This week, United States District Judge Reggie Walton denied a motion filed by the Accrediting Council for Independent Colleges and Schools (ACICS) for a preliminary injunction that would have blocked the U.S. Department of Education from proceeding with the de-recognition of the organization. ACICS needs department recognition in order for the colleges it accredits to be eligible for federal student grants and loans.
Judge Walton said in open court that ACICS had not demonstrated a substantial likelihood of prevailing on the merits of the case, particularly because then-Secretary of Education John King determined in December that ACICS was in substantial noncompliance with the rules governing accreditor performance. Walton noted that King had the discretion to give ACICS more time to comply, but that King, “in his wisdom,” decided instead to terminate.
Walton also rejected ACICS’s argument that it would suffer irreparable harm if its motion was rejected, relying on the courtroom testimony of ACICS head Roger Williams, who indicated that the group’s demise was not imminent and that it had other sources of revenue besides from the schools receiving federal aid. Walton also noted that Williams’s testimony revealed that the organization has “substantial reserves” to tide it over while it pursues the lawsuit. Just how much cash ACICS had was unclear, because ACICS’s lawyer, Allyson Baker, demanded that such information be hidden from the public, leading Judge Walton to temporarily clear the courtroom of spectators, including lawyers from the offices of several state attorneys general who have been seeking to intervene in the case.
Finally, Judge Walton weighed the public interest factors involved and seemed to find that they favored the government. In particular, he noted testimony presented at the hearing by a Department official that taxpayers were on the hook to cover about $100 million in loans forgiven on the basis of “closed school discharges’ provided to former students of for-profit ITT Tech, an ACICS-accredited school, after that troubled institution collapsed last year under the weight of multiple law enforcement investigations for fraud.
In the hearing, Baker tried to press the department official, Ron Bennett, to admit that schools that lose their accreditor and can’t find another accreditor promptly, would commonly be required to post a burdensome letter of credit with the department.
Bennett replied, “The situation we’re talking about” ― meaning a failed accreditor ― “is not a common situation.”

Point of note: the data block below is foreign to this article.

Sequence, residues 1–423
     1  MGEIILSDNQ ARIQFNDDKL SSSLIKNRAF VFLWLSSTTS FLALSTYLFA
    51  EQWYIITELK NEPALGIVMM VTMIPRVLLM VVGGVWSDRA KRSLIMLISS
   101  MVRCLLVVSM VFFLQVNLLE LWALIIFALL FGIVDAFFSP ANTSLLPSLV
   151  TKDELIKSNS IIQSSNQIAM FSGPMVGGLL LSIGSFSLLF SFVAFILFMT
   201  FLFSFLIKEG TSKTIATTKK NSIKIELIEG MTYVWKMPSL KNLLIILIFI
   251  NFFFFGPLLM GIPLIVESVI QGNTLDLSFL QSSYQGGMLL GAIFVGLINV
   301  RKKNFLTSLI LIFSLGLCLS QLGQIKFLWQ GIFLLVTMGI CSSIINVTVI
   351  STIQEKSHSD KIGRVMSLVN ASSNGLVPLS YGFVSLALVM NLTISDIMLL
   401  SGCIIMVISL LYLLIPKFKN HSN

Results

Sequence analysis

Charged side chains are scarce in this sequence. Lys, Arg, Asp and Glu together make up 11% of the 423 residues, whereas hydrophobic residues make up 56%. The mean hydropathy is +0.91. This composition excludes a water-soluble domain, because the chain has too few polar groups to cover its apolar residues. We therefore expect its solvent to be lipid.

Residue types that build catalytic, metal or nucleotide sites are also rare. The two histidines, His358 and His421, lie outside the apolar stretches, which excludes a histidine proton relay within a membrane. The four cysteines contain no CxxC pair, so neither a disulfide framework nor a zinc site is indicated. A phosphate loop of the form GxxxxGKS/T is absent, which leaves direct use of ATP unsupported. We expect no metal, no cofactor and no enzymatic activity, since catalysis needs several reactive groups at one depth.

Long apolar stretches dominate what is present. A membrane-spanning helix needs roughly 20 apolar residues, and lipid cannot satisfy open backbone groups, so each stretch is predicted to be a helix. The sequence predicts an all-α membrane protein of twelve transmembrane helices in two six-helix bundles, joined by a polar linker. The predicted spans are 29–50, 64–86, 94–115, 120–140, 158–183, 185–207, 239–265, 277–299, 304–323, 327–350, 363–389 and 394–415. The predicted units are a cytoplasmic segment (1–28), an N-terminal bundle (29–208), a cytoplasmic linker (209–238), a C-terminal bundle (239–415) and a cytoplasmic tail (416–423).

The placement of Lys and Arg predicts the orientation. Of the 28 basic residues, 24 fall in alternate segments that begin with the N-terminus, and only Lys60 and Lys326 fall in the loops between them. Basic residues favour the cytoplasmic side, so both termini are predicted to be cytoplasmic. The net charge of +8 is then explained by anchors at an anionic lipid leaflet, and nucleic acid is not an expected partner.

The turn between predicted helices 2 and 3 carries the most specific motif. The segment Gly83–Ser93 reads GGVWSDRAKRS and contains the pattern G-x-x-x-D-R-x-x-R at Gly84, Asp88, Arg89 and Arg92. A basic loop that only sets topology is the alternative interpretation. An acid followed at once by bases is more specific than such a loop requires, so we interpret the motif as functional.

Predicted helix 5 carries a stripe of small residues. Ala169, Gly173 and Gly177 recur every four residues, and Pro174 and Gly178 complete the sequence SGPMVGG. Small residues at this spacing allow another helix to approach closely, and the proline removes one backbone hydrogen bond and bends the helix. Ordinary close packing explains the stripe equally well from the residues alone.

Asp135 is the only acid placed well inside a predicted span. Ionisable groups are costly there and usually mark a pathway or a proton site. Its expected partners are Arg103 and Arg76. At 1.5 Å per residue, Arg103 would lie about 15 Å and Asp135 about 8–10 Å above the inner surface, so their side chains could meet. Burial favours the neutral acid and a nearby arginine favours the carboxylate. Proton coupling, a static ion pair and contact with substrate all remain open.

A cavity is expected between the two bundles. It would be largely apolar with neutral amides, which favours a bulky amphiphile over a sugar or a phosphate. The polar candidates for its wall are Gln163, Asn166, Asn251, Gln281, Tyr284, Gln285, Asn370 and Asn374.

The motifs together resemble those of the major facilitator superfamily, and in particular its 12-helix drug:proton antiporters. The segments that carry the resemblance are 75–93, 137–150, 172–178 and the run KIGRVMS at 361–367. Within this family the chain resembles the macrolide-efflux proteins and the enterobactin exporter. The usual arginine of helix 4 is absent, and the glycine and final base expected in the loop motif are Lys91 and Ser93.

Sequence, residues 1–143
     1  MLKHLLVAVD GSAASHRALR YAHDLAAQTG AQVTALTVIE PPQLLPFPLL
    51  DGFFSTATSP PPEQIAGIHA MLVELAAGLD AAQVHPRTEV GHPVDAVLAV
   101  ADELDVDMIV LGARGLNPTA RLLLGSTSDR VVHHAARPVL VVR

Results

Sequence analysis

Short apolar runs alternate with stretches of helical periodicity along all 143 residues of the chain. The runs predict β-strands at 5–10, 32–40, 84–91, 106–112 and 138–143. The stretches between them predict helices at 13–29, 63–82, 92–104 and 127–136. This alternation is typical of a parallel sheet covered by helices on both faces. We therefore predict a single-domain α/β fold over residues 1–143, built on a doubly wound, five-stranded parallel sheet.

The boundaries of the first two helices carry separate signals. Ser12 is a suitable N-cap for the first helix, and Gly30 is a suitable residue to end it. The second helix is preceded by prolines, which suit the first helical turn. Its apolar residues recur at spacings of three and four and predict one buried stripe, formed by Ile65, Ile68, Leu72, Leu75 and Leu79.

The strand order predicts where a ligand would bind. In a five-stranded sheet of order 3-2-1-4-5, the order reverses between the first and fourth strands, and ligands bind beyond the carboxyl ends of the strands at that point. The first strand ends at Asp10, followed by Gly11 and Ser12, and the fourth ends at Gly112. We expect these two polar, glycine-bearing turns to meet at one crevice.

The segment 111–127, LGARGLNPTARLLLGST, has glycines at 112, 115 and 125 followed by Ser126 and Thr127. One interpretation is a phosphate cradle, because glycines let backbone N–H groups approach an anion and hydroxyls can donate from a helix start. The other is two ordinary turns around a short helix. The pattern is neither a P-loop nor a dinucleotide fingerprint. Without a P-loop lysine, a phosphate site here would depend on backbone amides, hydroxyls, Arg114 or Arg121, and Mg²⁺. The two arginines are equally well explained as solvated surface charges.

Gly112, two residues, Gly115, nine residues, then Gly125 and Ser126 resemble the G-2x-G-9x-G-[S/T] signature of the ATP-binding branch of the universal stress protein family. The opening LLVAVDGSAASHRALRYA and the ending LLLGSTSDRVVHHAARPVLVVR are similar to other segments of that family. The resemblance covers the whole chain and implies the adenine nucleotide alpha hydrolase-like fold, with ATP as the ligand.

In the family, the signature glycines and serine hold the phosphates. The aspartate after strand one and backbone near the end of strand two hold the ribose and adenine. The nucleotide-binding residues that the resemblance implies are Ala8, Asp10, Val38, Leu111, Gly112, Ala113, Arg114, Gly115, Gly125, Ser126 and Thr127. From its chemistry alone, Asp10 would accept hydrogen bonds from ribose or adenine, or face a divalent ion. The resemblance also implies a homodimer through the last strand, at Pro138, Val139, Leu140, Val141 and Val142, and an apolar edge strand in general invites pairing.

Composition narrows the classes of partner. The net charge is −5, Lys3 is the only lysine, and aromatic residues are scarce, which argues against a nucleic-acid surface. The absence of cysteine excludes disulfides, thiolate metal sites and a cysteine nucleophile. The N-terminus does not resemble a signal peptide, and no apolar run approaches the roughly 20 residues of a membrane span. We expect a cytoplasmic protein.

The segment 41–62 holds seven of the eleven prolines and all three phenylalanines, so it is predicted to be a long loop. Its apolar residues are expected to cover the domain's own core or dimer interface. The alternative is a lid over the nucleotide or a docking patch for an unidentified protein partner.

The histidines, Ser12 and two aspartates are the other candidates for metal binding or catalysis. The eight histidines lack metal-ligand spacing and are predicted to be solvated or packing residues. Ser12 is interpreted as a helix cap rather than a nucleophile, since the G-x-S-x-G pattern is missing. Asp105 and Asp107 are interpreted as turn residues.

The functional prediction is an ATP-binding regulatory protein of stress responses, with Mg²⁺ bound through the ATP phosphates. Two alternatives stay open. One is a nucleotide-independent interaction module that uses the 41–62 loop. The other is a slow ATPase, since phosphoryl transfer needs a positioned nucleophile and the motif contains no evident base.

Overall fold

Baker decided that she had no further questions of the witness.
There were rumblings before the hearing that the new Trump-Betsy Devos Department of Education might back down and somehow try to reverse Secretary King’s decision, as lobbyists for predatory for-profit colleges have been openly and aggressively urging. It’s not at all clear how the department could simply dump King’s decision; from the regulations it appears that ACICS would have to start all over again and reapply.
For today, at least, the Department of Justice, which represented the Secretary of Education in case, diligently and skillfully opposed ACICS’s motion.
In declining to recognize ACICS on December 16, King wrote that the accreditor had “exhibited a profound lack of compliance” with its responsibilities.
King’s action affirmed prior decisions by the department staff, by the department’s National Advisory Committee on Institutional Quality and Integrity (NACIQI), and finally by King’s own chief of staff, Emma Vadehra, from whose September decision ACICS had appealed.
ACICS has been the accreditor for some 240 institutions exclusively or primarily, and most of those are for-profit colleges. $4.76 billion in taxpayer dollars went from the Department of Education to ACICS schools in 2015.
But ACICS has been the asleep-at-the-switch accreditor of some of the most notorious bad actors in the for-profit college sector, including Corinthian Colleges, ITT Tech, Kaplan, EDMC (the Art Institutes), Career Education Corporation (Sanford-Brown), Alta Colleges (Westwood), Globe, FastTrain, and Daymar. All these companies have been under investigation by law enforcement for deceptive practices. Some of those companies have, like Corinthian and ITT, shut down under the weight of abusive and reckless business practices. FastTrain’s CEO has been convicted of federal crimes and sentenced to eight years in prison. Others, like Kaplan, EDMC, and CEC, continue to receive billions in taxpayer dollars.
Last year, numerous advocates for students had sent reports or letters highlighting the dismal failures of ACICS to monitor college quality and abuses and calling on the Department to end its recognition of this body. Those opposing ACICS included thirteen state attorneys general; Ben Miller of the Center for American Progress; nine veterans groups including Student Veterans of America and Vietnam Veterans of America; a coalition of 23 groups that advocate for students, consumers, and educators; and Senators, including Dick Durbin and Elizabeth Warren, who issued a blistering report that criticized ACICS for its weak oversight of colleges, and also took the Education Department to task for its weak oversight of accreditors.
This article also appears on Republic Report.